problem could be one of leadership and psychology--if people panic, panic
alone will cause a financial calamity that could otherwise be avoided. So
we need to count on our leaders to avert that--and I think they will. But
part of the problem is simple nuts and bolts. For one thing,
January 1, 2000 arrives in 501 days and cannot be put off. Can you think
another such crisis? Not counting the precise arrival time of an incoming
comet? Any Y2K problems prior to that date will be primarily psychological
in nature (The comet is coming! The comet is coming!), and thus avoidable.
But any problems from that date on--well, they would be real.
Which is why companies and governments are spending billions and billions
and billions of dollars to fix the problem ... which is why, in turn, most
of us assume it will be a minor annoyance at most ... which is why we could
be caught unprepared ... which is why I,m writing this column now rather
than, say, next summer.
The Y2K problem will probably be a minor annoyance to most of us, but it
could quite possibly be a huge mess.
The biggest worry is what we,d do if the power went out. Which means, I
think, that gasoline would soon go out, too, since gas stations run on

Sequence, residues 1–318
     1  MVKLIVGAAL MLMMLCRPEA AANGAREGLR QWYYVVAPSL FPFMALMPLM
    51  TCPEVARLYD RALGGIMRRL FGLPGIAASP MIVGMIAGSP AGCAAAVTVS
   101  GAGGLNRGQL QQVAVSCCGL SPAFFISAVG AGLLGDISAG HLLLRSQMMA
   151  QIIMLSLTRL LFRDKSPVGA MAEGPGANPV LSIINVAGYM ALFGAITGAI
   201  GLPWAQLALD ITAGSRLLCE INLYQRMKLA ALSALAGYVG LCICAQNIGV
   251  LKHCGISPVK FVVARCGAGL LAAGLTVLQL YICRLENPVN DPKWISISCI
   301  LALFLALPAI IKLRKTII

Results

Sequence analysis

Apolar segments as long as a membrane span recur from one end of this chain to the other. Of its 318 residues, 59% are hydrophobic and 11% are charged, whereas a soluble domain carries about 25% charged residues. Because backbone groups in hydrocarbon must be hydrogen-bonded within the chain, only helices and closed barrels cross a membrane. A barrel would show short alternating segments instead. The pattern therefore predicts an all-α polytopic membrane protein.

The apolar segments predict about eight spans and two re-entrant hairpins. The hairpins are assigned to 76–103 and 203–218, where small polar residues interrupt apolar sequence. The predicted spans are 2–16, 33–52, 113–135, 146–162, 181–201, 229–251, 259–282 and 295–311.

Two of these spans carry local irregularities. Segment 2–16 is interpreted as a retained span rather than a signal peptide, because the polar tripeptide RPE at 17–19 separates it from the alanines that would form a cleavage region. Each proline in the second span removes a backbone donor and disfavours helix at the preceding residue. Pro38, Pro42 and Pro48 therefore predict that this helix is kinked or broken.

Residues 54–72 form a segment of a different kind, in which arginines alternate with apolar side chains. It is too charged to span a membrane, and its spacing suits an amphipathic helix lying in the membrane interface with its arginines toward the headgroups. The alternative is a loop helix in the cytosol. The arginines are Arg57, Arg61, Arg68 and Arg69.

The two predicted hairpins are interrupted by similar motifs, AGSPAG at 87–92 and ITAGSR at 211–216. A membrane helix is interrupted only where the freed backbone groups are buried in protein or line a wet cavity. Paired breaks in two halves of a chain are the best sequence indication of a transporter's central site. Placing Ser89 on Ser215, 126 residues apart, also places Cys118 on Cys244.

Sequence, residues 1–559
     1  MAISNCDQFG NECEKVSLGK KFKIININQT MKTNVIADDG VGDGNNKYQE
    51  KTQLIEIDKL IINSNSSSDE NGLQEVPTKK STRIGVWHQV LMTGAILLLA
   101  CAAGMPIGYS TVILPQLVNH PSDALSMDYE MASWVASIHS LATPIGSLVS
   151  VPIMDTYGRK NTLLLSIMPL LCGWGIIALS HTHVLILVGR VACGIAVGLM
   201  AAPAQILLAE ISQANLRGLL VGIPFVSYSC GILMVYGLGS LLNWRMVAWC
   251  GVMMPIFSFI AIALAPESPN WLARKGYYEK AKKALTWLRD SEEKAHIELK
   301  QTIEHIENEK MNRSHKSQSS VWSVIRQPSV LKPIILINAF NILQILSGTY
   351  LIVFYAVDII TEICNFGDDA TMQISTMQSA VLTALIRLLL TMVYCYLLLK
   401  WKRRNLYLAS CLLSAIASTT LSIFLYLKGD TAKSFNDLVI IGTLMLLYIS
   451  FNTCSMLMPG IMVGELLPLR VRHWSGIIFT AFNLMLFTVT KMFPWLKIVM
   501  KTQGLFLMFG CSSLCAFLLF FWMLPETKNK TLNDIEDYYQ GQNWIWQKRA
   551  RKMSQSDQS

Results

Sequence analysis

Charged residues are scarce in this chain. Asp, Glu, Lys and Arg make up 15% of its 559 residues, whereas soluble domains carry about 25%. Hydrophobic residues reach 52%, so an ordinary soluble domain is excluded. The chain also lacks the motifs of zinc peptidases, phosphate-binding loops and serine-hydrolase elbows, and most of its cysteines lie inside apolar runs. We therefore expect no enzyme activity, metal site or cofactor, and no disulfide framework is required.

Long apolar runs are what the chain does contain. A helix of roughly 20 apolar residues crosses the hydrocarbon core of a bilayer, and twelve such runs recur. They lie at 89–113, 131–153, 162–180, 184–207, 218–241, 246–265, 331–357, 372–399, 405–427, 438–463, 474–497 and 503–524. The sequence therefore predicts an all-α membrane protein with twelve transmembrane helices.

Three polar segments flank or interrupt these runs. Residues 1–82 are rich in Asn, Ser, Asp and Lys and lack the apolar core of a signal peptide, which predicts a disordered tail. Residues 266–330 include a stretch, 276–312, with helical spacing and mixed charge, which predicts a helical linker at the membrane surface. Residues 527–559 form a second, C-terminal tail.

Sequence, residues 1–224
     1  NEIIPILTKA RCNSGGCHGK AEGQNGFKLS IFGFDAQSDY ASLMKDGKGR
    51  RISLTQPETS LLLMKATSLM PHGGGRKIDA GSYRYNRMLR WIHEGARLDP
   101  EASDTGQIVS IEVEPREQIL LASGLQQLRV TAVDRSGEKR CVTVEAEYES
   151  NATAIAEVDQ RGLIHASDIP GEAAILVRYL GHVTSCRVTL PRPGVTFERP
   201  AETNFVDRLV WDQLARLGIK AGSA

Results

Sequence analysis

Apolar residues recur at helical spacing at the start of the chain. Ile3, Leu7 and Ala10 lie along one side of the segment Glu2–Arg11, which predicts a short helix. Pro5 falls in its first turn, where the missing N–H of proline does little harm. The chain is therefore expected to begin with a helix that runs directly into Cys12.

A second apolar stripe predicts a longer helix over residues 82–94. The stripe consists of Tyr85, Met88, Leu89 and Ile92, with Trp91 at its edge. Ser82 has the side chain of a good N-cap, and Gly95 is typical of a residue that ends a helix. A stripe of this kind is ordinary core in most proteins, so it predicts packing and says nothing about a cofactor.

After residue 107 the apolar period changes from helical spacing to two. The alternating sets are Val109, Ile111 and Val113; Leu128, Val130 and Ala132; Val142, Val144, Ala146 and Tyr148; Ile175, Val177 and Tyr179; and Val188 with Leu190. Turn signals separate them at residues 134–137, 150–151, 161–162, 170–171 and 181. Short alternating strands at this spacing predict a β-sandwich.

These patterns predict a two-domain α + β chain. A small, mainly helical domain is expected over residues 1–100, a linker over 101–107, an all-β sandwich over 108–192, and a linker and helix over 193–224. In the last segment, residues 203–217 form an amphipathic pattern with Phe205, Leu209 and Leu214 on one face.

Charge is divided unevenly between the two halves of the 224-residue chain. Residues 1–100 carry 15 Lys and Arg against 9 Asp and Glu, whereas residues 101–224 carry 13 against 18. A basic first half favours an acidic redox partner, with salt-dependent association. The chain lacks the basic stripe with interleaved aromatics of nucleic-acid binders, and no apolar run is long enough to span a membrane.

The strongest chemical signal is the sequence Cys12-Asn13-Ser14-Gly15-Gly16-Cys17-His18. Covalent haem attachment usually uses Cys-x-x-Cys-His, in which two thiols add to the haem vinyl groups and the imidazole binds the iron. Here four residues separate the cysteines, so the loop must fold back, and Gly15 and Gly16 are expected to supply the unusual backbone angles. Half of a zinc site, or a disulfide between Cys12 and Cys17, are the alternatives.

electric power. No light, no heat, no refrigerator, no elevator, no
computer ... if it lasted just a few hours, as after a bad storm, it would
be no big deal. But longer?
Probably this won't happen, but it's pretty hard to be absolutely certain.
A friend of mine who I can say without a trace of modesty is much smarter
than I am, long ago founded an institute to consider such nuts-and-bolts
planetary problems. He is concerned about embedded processors. These little
items are buried in things like the railway system. They took the place
the guy who would go out and manually switch tracks at the appropriate
time, so trains careening through a junction headed in the right direction.
So what if 2% or 5% of these embedded processors have a Year 2000 problem
and, because they think it's 1900, fail to switch properly? How long would
it take to locate them all (they,re embedded! buried!) and replace the ones